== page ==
An Analysis and Review
Article written by: Dominic Patete
I often hear people talking about how the system is broken. They say we need to scrap the structure of our government, economy and society and start over from scratch. Otherwise, they argue, there is no chance of fixing the broken capitalist society we live in. Author and previous chairman of the U.S. Council of Economic Advisers, Arthur M. Okun, explores the problems created by capitalism and disparities in economic status. In his book Equality and Efficiency: The Big Trade Off, Okun believes we need to let the current system evolve and grow. After all, America is a relatively young country, and we have a capitalist society that is proving to be more functional and efficient than most other societies throughout history.
Okun emphasizes that a move towards a more socialist society is not a bad thing as long as it is not so drastic as to sacrifice efficiency unreasonably; More public goods should be welcomed as we learn to balance accountability and flexibility within bureaucracy. Okun believes we need to preserve and strengthen our current system in order for it to reform to be more perfect over time. I never thought about capitalism in this light; capitalism is not the most ethical illustration, but it is efficient. I can’t practically envision people ever being compatible with a fundamentally ethical society. Therefore, I think Okun is correct that capitalism holds a strong case for efficiency, and we should work to improve the best system we have been able to come up with.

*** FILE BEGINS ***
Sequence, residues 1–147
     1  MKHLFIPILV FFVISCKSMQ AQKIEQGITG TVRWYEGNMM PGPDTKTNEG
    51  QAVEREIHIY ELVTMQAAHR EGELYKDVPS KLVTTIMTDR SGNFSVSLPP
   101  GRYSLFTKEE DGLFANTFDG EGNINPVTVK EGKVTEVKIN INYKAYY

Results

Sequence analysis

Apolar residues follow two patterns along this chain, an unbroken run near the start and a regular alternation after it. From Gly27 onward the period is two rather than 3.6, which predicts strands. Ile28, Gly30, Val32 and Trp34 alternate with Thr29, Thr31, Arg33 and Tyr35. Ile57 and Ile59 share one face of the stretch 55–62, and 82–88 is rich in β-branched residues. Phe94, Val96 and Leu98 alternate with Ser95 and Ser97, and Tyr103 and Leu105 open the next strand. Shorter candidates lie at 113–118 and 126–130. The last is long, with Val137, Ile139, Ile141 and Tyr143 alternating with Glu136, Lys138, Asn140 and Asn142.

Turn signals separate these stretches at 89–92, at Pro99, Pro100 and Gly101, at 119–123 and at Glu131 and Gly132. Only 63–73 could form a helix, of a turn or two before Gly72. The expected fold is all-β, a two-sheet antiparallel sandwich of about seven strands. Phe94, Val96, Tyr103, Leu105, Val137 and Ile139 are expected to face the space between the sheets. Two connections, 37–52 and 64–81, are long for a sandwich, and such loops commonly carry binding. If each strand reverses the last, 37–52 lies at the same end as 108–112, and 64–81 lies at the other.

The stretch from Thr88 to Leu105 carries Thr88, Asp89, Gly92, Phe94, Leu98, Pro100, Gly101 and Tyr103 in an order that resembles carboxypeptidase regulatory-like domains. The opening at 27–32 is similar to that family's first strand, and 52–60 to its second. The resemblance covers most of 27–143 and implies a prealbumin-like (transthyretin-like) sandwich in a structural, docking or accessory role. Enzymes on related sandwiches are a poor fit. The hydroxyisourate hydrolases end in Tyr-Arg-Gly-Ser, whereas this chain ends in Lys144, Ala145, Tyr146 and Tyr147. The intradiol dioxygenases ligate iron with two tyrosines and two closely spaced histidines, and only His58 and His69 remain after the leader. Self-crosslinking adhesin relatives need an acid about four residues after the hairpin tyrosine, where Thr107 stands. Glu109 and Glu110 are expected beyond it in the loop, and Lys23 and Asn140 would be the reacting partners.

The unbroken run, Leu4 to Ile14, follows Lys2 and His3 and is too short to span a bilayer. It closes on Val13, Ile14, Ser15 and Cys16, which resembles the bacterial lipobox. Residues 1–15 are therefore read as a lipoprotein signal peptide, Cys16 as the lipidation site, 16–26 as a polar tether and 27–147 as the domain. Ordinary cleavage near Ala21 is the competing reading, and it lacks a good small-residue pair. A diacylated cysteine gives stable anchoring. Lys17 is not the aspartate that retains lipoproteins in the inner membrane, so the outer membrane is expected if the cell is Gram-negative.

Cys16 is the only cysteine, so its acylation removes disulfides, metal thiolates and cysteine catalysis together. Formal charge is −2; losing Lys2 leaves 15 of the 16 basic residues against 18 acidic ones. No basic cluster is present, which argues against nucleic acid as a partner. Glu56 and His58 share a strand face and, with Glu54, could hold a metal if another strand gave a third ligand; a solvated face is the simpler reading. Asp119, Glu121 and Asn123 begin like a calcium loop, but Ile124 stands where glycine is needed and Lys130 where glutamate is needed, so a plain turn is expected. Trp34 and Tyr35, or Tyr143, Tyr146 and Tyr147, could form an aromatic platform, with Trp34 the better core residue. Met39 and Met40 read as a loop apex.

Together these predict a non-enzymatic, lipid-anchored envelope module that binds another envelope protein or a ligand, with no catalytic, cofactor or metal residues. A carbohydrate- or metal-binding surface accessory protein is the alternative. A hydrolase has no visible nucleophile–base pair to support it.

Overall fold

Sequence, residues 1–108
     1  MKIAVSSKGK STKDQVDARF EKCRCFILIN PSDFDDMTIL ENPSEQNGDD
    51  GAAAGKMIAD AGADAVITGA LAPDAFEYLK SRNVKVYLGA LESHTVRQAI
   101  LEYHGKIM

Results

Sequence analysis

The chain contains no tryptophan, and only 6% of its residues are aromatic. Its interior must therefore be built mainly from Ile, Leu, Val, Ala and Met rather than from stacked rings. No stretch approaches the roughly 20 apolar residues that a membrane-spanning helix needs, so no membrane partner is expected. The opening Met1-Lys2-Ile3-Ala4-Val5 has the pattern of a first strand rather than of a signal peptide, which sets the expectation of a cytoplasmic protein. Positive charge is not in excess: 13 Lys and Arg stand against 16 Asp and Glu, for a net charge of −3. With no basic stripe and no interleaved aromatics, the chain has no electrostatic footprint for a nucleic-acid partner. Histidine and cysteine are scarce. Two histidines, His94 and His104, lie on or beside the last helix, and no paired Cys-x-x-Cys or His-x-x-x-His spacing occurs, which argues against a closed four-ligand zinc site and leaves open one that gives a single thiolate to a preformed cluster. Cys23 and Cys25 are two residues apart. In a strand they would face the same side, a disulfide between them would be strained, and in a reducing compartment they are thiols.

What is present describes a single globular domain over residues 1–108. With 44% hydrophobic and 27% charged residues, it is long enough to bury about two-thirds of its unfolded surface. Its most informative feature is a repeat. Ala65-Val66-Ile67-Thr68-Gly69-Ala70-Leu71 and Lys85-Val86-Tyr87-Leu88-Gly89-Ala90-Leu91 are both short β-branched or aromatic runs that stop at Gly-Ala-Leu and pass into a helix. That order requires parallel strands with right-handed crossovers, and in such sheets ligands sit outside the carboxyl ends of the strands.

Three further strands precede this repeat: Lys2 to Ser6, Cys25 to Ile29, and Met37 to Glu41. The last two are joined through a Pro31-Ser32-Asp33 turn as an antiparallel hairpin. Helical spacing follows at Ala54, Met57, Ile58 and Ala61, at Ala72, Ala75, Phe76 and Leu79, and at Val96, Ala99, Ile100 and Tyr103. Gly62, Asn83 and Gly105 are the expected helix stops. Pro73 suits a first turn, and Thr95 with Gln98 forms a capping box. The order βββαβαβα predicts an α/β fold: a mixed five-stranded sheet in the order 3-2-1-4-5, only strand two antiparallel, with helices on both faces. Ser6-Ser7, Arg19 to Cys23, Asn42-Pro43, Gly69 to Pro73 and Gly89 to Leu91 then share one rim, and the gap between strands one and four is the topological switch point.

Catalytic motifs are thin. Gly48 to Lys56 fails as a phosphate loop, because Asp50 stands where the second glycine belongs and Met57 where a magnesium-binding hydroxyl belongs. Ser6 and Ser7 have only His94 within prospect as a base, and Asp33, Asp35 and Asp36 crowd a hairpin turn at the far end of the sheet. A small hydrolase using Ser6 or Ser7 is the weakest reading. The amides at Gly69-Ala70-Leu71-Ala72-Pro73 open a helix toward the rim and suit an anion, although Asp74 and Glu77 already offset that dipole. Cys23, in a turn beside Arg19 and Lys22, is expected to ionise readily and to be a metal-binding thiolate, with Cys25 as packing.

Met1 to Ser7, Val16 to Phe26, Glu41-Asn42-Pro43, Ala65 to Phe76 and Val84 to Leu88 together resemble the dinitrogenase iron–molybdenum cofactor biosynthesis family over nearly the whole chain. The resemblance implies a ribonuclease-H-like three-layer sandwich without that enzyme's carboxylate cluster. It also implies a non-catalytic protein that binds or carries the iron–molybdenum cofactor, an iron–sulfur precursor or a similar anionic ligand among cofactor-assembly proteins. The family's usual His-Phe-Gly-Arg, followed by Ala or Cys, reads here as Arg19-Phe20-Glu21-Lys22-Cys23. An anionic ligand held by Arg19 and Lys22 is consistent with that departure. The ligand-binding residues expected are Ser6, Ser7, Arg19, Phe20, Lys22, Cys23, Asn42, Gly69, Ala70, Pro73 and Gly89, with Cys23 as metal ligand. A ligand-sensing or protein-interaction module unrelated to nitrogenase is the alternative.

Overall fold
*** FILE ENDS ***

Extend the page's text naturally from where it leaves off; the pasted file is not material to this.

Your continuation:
“In a country where the sole employer is the State, opposition means death by slow starvation. The old principle, who does not work shall not eat, has been replaced by the new one: who does not obey shall not eat.”Okun, 2015, p. 38